ENG214.001 -- Topics in World Literature: Ancient to Medieval
Prof. Eileen Joy (Spring 2010)
CRITICAL ESSAY #2 -- Comparative Analysis
Due: Thursday, April 22nd
Figure 1. Paul Klee, "Embrace"
For your second essay--a COMPARATIVE ANALYSIS paper--develop a narrowly-defined argumentative thesis related to a comparison of some aspect, or aspects, of two of the works we have read thus far (the Iliad, the Mahabharata, Song of Roland, and Dante's Inferno). Write a paper of approximately 4 typed (double-spaced) pages. NO outside sources are to be used for this paper, which should solely represent your own critical and analytical thinking. On the other hand, the online notes and other hyperlinks I have provided for you on the online syllabus can be consulted in order to help you generate ideas and refine your thinking with respect to these works, and you may incorporate information from these notes into your paper if you feel it is relevant to your argument. I would really prefer that you develop your own thesis without my assistance, and therefore, for this essay I will not be providing topics as I did with the first critical essay; rather, I would like for you to spend some time contemplating possible connections between the works we have read in order to develop your own, original thesis you want to argue.
The most important thing about this paper, in addition to having an argumentative thesis (that, hopefully, does not just re-state something obvious about the narratives and their characters and stories), is to make sure that you support your argument with a CLOSE reading of the texts themselves: their language and descriptive details. Whatever it is you want to argue (and you have free rein to develop any argument you like; there are no "right" or "wrong" interpretations in this course, only stronger and more weakly argued ones), just be sure to connect your main observations and ideas to specific passages and details in the poem itself (this will require direct quotation, as well as paraphrase and summary).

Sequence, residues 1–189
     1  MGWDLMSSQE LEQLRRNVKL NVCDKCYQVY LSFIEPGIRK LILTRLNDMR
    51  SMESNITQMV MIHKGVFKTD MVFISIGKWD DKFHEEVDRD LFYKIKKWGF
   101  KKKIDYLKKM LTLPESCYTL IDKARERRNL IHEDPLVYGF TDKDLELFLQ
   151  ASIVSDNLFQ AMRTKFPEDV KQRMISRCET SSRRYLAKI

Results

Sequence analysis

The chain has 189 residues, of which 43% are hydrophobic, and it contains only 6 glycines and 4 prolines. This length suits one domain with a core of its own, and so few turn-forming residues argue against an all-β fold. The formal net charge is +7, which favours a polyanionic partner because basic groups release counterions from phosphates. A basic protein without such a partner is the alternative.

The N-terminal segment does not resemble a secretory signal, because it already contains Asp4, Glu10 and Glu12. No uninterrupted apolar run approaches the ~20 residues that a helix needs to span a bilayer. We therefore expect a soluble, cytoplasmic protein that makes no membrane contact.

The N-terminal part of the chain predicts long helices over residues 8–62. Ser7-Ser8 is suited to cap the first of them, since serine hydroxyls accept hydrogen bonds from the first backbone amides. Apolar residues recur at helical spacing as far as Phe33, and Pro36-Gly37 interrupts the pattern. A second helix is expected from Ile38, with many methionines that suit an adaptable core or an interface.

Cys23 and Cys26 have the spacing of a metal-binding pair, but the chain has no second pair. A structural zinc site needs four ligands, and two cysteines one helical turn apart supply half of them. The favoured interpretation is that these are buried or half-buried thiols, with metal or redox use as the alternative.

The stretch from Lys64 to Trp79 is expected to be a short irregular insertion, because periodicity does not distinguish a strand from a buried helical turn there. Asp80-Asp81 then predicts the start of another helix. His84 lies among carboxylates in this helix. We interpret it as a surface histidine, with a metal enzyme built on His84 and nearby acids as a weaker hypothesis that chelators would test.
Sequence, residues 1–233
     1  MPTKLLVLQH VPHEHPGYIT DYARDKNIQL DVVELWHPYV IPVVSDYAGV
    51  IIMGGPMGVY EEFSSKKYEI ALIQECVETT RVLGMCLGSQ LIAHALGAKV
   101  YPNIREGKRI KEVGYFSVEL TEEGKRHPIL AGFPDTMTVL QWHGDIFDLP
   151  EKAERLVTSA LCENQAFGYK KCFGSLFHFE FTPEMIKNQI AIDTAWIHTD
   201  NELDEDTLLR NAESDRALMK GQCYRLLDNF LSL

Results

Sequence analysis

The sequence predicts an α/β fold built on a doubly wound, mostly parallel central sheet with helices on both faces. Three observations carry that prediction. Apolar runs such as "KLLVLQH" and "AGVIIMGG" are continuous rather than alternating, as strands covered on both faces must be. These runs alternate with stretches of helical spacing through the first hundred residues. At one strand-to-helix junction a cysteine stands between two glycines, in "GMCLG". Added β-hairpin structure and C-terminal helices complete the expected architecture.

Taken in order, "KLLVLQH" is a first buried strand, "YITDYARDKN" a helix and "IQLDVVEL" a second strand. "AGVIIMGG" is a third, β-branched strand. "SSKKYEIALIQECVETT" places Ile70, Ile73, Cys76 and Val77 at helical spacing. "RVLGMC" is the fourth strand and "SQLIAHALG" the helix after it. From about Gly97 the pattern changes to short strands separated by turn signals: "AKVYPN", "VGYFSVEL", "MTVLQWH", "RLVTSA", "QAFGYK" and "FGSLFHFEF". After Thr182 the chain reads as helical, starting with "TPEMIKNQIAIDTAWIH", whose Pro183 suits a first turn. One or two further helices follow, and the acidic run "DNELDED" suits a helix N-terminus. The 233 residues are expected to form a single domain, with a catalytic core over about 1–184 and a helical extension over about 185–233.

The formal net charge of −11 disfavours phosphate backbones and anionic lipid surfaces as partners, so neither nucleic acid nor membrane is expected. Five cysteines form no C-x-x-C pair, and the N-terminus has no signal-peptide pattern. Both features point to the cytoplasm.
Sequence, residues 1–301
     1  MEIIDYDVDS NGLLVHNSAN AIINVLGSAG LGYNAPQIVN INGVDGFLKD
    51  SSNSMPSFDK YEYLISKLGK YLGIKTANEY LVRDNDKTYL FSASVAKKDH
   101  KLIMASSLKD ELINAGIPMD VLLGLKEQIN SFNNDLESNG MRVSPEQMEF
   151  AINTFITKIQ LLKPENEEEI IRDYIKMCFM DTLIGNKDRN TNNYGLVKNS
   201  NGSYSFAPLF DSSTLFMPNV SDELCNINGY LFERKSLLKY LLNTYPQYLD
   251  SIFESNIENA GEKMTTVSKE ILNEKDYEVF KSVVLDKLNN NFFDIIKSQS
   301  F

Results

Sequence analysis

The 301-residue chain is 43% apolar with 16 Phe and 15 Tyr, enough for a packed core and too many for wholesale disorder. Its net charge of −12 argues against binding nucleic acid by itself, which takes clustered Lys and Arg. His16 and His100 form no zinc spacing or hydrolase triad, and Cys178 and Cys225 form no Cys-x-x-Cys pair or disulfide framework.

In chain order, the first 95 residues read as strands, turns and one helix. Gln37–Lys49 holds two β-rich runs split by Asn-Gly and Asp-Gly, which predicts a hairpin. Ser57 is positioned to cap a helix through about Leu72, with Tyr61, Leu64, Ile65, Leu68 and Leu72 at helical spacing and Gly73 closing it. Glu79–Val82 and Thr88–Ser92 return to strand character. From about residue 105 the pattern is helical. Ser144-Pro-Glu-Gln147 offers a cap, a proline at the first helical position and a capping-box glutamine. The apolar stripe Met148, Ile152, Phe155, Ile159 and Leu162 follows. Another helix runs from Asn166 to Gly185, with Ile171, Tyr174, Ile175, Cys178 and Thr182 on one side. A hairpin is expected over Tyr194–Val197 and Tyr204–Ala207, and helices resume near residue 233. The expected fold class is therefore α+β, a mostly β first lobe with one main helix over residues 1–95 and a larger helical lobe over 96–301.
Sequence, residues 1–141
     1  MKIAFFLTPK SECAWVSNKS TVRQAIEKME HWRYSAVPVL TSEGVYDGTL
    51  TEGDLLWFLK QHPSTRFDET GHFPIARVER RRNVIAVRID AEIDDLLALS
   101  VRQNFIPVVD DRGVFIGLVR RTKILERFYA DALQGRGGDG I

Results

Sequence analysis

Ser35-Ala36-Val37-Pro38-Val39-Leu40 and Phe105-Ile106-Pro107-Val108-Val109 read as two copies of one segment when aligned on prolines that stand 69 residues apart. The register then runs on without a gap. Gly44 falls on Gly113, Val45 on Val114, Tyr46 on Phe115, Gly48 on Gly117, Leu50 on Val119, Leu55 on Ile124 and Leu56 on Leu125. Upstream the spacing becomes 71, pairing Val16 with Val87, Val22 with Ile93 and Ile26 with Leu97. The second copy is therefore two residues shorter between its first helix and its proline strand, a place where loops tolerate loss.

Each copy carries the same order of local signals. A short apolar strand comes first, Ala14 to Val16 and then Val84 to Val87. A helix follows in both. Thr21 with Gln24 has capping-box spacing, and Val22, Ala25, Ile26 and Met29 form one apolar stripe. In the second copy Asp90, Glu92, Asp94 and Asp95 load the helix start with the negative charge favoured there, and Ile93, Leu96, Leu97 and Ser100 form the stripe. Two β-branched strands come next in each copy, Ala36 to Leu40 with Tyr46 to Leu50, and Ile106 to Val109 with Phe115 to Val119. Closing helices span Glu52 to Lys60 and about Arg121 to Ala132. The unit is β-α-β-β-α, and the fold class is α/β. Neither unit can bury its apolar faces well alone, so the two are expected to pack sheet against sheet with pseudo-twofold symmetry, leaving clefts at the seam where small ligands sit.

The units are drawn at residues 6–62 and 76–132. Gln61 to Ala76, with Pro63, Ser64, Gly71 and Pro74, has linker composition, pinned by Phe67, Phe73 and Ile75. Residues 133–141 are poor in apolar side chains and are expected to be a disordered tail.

Important Note: one of the pitfalls of the comparative analysis is that students will sometimes write a paper in which the essay simply compares "similar" and "dissimilar" aspects of a work. An example of this might be a paper that compares and contrasts Achilles and Arjuna as warriors (pointing out how they are similar, and how they are also different in certain ways), or that describes all the ways in which honor is "important" in both the Mahabharata and The Song of Roland, in similar and different ways. This is what we call a straight "compare and contrast"-type essay, but it does not necessarily have anything interesting to say beyond certain obvious features of both works. The important thing to remember is to have a debatable (and hopefully creative and interesting) point you want to argue (and this requires judgment on your part--you have to have some sort of critical edge in which you are adopting a particular opinion that requires persuading your reader to understand your point of view, even if they don't ultimately agree with it). Your thesis should be a point you want to make that could be contested; it should also pass the "why does it matter?" test. In other words, what is ultimately interesting about the ultimate point you want to make, and how does it go beyond just a literal reading of the surface details of the story itself?